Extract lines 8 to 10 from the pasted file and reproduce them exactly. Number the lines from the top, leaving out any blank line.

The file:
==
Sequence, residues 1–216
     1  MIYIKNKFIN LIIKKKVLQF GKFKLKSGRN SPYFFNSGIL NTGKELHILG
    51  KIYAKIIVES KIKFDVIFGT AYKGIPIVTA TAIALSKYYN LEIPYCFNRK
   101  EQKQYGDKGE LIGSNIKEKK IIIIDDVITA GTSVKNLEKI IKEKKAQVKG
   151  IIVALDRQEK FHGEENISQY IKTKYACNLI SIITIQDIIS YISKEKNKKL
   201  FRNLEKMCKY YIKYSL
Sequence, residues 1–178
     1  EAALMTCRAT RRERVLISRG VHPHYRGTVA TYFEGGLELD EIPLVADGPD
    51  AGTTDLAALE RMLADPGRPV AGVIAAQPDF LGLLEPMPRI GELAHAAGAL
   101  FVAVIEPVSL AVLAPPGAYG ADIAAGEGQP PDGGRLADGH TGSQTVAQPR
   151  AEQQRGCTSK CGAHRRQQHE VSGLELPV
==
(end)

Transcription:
     1  EAALMTCRAT RRERVLISRG VHPHYRGTVA TYFEGGLELD EIPLVADGPD
    51  AGTTDLAALE RMLADPGRPV AGVIAAQPDF LGLLEPMPRI GELAHAAGAL
   101  FVAVIEPVSL AVLAPPGAYG ADIAAGEGQP PDGGRLADGH TGSQTVAQPR